Mukantabana roots for disaster resilience

Rwandans and development partners should jointly work toward systematic and sustainable disaster preparedness and resilience to save lives and property lost annually in disasters induced largely by climate change, Seraphine Mukantabana, the minister for disaster management and refugee affairs, has said.

Rwandans and development partners should jointly work toward systematic and sustainable disaster preparedness and resilience to save lives and property lost annually in disasters induced largely by climate change, Seraphine Mukantabana, the minister for disaster management and refugee affairs, has said.

Mukantabana was on Thursday speaking in Ngororero District at an event to mark the International Disaster Risk Reduction Day.

 

In Rwanda, the day coincided with the launch of the National Disaster Risk Reduction Week, that runs up to October 19 under the theme, “Prevent disasters by settling in safer zones.”

 

Between January and September, disasters have claimed lives of 166 people, injured 136, destroyed 4,611 houses and damaged crops on 5,388 hectares of land, according to statistics from the Ministry of Disaster Management and Refugee Affairs (MIDIMAR).

 

These and other different forms of damages are, according to MIDIMAR, worth over Rwf27 billion.

“If we can prevent disasters, we can save that money,” the minister said, noting however that the people who died due to disasters are irreplaceable.

Ngororero District itself lost six people due to disasters and had 505 houses destroyed by disasters last year, according Mayor Godefroid Ndayambaje.

“What is noticeable is that, through our partnership as a whole, we should focus on preventing disasters instead of always tackling their effects.

“If we do all the required actions to prevent disasters, where we would be spending $100 (about Rwf80,000) for rescue and other forms of interventions, we would only spend $1 (about Rwf800),” Mukantabana said.

The minister said the Government, through MIDIMAR and other organs, has offered support to the people affected by the disasters.

She said living in high risk zones does not only refer to being settled on mountainous areas, but includes people who live in weak housing that cannot stand firm in the wake of strong winds and rains.

As part of the celebration of the day, MIDIMAR officials joined the Western Province and Ngororero leaders and residents to carry out a special Umuganda (community service) that entailed clearing plots on which a disaster resilient village will be built.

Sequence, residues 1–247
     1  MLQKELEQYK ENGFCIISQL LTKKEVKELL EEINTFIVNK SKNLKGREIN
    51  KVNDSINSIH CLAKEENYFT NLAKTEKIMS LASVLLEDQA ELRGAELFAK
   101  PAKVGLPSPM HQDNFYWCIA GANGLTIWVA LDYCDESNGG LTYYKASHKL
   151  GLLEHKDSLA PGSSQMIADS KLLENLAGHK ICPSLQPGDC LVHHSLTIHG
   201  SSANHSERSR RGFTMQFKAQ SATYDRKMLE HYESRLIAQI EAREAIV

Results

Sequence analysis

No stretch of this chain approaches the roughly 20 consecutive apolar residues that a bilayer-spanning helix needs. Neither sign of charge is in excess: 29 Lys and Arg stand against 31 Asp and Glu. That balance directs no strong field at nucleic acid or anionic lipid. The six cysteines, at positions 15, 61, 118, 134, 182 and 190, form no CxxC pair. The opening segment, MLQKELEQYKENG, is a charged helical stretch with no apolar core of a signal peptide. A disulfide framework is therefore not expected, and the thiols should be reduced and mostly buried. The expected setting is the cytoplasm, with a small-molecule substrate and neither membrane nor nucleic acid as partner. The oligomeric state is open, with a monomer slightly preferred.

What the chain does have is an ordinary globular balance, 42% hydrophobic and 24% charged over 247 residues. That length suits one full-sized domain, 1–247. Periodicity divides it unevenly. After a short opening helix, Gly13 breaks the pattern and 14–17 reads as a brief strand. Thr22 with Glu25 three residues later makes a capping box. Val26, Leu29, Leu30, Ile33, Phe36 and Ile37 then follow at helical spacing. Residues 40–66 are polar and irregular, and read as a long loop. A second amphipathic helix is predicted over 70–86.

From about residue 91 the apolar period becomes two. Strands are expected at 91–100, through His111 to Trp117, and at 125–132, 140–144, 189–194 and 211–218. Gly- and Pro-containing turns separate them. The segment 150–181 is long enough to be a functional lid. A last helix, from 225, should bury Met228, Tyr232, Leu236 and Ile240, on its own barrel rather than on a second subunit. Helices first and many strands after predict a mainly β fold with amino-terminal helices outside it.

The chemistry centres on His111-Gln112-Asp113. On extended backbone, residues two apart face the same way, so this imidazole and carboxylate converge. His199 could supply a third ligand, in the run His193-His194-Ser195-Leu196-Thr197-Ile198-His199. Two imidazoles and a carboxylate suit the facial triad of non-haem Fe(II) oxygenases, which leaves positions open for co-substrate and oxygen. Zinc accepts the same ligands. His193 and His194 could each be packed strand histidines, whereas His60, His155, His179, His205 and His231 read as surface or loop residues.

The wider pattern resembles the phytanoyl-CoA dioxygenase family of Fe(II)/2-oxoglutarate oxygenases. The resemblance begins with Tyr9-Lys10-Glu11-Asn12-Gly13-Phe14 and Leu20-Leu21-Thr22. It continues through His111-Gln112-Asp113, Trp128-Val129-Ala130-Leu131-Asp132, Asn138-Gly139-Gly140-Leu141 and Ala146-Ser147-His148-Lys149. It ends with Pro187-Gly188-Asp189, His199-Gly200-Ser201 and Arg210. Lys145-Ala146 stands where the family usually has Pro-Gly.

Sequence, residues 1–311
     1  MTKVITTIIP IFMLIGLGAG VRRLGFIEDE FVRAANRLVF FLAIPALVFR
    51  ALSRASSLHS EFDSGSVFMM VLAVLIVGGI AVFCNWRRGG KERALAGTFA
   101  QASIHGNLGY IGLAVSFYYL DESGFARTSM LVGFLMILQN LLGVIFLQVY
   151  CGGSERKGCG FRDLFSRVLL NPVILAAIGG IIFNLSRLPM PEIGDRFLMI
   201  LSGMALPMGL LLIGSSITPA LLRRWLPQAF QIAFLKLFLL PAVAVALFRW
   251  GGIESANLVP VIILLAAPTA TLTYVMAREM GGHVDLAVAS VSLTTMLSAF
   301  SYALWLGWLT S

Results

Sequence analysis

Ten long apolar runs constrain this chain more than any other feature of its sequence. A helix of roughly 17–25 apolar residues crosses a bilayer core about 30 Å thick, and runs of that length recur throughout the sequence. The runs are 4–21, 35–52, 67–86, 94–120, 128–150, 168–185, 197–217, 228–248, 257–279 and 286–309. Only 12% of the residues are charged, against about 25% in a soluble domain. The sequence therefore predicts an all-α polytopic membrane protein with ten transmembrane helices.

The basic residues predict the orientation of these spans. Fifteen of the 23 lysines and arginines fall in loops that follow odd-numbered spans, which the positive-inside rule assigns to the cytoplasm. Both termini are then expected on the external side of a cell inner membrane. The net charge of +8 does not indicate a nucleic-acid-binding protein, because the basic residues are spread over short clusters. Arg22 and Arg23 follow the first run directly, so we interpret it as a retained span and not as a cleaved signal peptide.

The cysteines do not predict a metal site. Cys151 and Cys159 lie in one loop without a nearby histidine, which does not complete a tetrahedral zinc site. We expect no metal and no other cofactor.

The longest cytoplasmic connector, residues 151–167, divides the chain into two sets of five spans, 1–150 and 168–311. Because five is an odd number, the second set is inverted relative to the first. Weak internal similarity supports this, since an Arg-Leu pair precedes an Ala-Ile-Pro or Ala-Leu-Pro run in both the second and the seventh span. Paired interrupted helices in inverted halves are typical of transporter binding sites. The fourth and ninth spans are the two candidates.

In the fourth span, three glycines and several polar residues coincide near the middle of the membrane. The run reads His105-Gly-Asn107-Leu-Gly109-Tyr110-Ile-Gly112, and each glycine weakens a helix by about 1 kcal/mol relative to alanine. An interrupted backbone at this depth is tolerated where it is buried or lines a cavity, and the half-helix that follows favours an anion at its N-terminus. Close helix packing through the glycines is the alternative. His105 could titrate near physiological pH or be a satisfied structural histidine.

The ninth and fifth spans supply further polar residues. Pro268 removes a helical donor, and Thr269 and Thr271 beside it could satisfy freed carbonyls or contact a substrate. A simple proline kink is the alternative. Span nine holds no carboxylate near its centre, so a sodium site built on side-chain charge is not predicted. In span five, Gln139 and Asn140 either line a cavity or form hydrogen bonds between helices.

The new disaster resilient village is located on Kigali Hill in Matyazo Sector and it is estimated to cost over Rwf2.2 billion.

The village will consist of 25 four-in-one housing units, with each house accommodating four families, according to Mayor Ndayambaje, who said construction of the houses is due to be completed in June 2017.

Minister Mukantabana said about 20,580 families in the country need to be relocated from high risk zones, of which 19,000 have been identified to have the capacity of getting shelter elsewhere, while others will need help.

“I live in a high risk zone, on a slope. My house is on the verge of being blown away by winds but I cannot afford to relocate. I really need support,” said Consolata Nkorerimana, a mother of five from Binana Cell in Matyazo Sector.

Vulnerable people who cannot afford decent resettlement will be supported by the Government, , the minister said.

Planned activities

The National Disaster Risk Reduction Week will include a series of activities to raise the public’s awareness on socio-economic and environmental effects of disasters.

The activities include building houses for people who were relocated from disaster prone areas in various parts of the country, and repair of houses and monitoring them to ensure that they remain firm.

Other activities include planting trees on slope mountains to retain soil and reduce the intensity of wind.

Mukantabana encouraged investors, development partners and residents to read, understand and consider the recommendations from the National Risk Atlas of Rwanda, a publication that provides information on five main hazards mostly impacting Rwanda; droughts, floods, landslides, earthquakes and windstorms, which were selected basing on their economic and social negative impacts on the development of the country, before setting up any development activity.

She added that the risk atlas, published in English, will be translated into other languages Rwandans understand, starting with Kinyarwanda.

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